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Culture and heritage Park Subotopic Layout
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From the ancient meetings of Indigenous people to the backbreaking labour of sunburnt men unloading a steam engine, the history of Point Gellibrand is a story of activity. The first and key disembarkment point for Australia until the 1850s, the site contains a rich history associated with Victoria’s early settlement and the state’s ongoing commerce and wealth creation.
Point Gellibrand’s most significant landmark is the Timeball Tower that was constructed in 1849 to guide ships past the nearby reef. Other cultural and historical structures include a former burial ground, the convict seawall, remains of former railway yards and the Ann Street Footbridge.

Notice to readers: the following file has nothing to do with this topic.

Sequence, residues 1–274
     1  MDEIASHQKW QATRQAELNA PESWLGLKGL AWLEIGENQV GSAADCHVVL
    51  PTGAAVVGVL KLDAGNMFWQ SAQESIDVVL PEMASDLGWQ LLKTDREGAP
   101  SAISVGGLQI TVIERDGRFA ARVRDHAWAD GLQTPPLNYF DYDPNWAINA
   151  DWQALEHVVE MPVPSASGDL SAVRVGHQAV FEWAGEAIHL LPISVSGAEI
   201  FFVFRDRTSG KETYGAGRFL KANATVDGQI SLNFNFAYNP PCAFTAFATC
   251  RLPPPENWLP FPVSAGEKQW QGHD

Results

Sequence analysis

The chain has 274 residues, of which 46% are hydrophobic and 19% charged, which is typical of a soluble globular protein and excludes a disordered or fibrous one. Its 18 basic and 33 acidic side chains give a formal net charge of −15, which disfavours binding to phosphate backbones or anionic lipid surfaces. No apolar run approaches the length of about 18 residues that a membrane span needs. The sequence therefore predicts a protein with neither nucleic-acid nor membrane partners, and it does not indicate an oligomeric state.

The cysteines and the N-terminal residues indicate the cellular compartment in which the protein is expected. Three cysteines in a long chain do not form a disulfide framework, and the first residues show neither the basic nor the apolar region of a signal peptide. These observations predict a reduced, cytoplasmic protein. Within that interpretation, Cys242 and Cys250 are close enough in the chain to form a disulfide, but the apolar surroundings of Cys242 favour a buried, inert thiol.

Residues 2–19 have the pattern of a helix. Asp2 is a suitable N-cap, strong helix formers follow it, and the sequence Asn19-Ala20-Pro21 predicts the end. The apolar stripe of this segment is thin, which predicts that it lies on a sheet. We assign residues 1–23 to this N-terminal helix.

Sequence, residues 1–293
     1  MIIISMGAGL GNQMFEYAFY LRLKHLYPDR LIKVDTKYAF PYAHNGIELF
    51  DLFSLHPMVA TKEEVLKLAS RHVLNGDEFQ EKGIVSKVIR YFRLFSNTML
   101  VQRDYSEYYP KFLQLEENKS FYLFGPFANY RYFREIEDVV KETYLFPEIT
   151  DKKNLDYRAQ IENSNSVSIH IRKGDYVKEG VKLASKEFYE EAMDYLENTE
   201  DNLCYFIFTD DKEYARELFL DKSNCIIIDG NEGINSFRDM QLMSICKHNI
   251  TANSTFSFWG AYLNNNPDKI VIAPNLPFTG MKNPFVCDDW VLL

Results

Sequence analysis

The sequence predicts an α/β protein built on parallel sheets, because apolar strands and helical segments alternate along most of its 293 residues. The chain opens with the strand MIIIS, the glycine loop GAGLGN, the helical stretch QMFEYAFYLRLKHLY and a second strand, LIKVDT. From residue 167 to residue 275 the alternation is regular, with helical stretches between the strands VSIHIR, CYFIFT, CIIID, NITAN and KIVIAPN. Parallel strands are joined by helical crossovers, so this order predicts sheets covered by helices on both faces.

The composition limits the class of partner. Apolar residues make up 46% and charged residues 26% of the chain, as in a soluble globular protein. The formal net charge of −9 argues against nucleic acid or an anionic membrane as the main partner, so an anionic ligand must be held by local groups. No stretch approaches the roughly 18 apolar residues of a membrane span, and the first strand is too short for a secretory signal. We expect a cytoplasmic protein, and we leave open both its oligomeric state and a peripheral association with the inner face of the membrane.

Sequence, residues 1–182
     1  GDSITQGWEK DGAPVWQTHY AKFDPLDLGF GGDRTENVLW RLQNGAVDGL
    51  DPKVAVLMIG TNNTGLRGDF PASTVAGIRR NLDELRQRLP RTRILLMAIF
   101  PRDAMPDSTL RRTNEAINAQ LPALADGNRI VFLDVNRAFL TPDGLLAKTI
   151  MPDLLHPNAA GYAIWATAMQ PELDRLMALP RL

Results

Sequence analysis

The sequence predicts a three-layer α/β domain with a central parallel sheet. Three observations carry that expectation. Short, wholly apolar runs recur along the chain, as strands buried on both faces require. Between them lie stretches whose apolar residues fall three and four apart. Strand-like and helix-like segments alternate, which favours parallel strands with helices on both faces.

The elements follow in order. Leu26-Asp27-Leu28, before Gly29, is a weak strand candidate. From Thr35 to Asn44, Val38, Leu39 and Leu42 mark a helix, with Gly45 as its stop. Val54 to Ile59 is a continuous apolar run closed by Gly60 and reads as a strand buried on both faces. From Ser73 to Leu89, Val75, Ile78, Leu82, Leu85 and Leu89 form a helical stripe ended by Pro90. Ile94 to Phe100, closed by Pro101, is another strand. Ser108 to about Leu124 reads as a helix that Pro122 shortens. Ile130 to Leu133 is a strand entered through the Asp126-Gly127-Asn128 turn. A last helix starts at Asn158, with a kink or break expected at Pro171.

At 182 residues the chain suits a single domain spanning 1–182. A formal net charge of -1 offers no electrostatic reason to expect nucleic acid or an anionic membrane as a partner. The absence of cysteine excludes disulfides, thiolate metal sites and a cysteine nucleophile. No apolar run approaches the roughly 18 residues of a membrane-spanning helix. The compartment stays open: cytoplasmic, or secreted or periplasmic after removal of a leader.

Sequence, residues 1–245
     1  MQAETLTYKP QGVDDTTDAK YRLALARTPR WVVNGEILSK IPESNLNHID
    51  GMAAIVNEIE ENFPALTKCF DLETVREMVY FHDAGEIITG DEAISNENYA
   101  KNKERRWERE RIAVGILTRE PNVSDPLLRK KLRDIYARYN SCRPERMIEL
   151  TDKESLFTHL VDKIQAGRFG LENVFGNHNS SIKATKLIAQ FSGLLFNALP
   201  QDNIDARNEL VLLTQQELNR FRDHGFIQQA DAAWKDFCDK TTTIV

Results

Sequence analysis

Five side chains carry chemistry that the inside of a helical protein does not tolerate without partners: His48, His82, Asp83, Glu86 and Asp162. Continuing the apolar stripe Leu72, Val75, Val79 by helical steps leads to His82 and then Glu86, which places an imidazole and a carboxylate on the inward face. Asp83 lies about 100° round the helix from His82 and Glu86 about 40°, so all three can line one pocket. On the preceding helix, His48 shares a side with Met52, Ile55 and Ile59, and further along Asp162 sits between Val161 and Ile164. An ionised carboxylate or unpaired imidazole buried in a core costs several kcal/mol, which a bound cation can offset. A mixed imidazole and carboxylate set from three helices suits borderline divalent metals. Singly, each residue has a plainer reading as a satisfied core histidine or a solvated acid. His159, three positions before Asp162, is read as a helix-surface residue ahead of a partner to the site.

26 Feb 2014
An ecological thinning trial is proposed for Barmah–Millewa River Red Gum forests in Victoria and New South Wales, including within Barmah National Park. The health of River Red Gum forests has declined over the years as a result of altered flooding regimes, more frequent and intense droughts and regulation of…